brew install --cask font-powerline-symbols

Once you have installed the fonts, you can configure zsh to use them by setting the POWERLEVEL9K_MODE variable in your .zshrc file. Here's an example of how to use the Powerline fonts with the "agnoster" color scheme:


This configuration sets the POWERLEVEL9K_MODE variable to use the complete Nerd Fonts, including the Powerline symbols. It also sets the ZSH_THEME variable to use the agnoster color scheme.

Install Plugins

Zsh has several plugins that can be used to extend its functionality and improve its appearance. These plugins are easy to install and can be managed using Oh My Zsh.

One popular plugin for zsh is the syntax highlighting plugin, which highlights commands and their arguments with different colors based on their syntax. This makes it easier to read and understand complex commands. To install the syntax highlighting plugin, run the following command in your terminal:

git clone ~/.oh-my-zsh/custom/plugins/zsh-syntax-highlighting

Once you have installed the plugin, you can enable it by adding the next line to your .zshrc file:


Another useful plugin is the autosuggestions plugin, which suggests commands as you type based on your command history. This can save you time and improve your productivity by reducing the amount of typing you need to do. To install the autosuggestions plugin, run the following command:

git clone ~/.oh-my-zsh/custom/plugins/zsh-autosuggestions

To enable the plugin, add the next line to your .zshrc file:


Customize the Terminal Background

Finally, you can improve the appearance of zsh by customizing the terminal background. Most terminal emulators allow you to set a custom background image or color, which can help to personalize your terminal and make it more visually appealing.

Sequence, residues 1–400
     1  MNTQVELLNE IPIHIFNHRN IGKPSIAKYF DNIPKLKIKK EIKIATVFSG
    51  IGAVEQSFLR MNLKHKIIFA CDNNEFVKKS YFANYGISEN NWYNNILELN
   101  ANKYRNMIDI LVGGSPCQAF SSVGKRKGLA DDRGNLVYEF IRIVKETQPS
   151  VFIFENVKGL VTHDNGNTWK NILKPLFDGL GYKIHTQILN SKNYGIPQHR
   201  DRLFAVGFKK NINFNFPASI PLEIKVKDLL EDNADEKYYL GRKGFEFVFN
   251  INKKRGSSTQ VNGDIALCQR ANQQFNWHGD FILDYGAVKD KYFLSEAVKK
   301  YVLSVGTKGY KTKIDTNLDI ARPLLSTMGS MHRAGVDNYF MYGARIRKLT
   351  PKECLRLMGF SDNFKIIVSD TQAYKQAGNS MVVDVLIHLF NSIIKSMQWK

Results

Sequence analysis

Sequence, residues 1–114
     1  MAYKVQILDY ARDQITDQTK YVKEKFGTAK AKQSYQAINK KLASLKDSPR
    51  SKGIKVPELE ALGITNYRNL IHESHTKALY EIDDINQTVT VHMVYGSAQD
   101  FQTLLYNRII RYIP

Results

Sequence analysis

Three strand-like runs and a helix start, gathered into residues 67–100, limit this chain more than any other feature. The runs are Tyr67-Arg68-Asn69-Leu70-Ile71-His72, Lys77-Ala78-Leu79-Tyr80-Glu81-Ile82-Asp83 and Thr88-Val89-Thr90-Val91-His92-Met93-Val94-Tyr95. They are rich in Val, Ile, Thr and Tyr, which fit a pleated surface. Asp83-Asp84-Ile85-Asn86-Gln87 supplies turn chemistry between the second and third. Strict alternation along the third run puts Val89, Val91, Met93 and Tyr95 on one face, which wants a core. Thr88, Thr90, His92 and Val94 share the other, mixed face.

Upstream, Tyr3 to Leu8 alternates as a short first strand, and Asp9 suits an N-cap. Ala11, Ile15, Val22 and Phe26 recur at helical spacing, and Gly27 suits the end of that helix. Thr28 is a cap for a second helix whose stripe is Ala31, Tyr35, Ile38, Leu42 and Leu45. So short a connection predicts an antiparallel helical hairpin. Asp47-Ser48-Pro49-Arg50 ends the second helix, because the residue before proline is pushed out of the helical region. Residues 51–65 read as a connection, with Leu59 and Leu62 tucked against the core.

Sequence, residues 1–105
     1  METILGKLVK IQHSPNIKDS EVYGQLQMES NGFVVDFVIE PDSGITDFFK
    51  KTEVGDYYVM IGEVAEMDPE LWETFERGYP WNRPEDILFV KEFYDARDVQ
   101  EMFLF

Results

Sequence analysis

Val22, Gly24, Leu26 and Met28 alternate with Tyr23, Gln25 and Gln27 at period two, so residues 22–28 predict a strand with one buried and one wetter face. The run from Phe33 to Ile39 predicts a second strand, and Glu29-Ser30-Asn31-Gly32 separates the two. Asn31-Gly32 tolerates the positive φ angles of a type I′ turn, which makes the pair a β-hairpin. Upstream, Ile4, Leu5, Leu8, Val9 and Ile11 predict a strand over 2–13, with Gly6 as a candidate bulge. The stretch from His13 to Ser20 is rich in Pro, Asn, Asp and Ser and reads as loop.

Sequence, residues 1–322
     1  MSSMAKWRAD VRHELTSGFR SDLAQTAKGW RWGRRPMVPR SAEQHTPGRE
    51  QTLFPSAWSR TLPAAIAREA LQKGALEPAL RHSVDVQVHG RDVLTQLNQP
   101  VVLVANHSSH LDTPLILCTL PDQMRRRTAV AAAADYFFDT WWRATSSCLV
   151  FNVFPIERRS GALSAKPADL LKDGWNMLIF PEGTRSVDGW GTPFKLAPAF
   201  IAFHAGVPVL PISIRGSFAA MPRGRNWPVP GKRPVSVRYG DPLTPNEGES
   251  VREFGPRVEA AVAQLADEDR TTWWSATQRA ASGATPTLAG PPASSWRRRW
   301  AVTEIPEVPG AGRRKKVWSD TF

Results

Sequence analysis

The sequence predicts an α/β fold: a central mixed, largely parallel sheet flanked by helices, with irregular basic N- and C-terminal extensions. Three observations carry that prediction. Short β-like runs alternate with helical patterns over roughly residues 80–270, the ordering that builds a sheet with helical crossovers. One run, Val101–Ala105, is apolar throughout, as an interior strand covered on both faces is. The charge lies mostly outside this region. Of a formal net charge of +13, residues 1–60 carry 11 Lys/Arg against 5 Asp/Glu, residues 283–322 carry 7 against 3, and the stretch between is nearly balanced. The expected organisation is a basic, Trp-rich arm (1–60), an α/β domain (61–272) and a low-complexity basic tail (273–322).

To set a custom background image, you can use a tool like iTerm2, a popular terminal emulator for macOS. iTerm2 allows you to set a custom background image by going to the Preferences menu and selecting the "Profiles" tab. You can choose the "Background" option and select an image file for your background.

If you prefer a solid background, you can set the background color using the terminal emulator's settings. For example, in iTerm2, you can set the background color by going to the "Colors" tab in the preferences menu and selecting the "Background" color option.


Customizing the appearance of zsh can help to improve your productivity and make your terminal experience more enjoyable. By installing a color scheme, customizing the prompt, using Powerline fonts, installing plugins, and customizing the terminal background, you can create a personalized and visually appealing terminal environment that suits your needs and preferences.

While there are many different ways to customize zsh, the methods described in this blog post should provide a good starting point for anyone looking to improve the appearance of their terminal. Whether you are a developer, system administrator, or power user, zsh is a powerful and flexible tool that can be customized to suit your workflow and aesthetic preferences.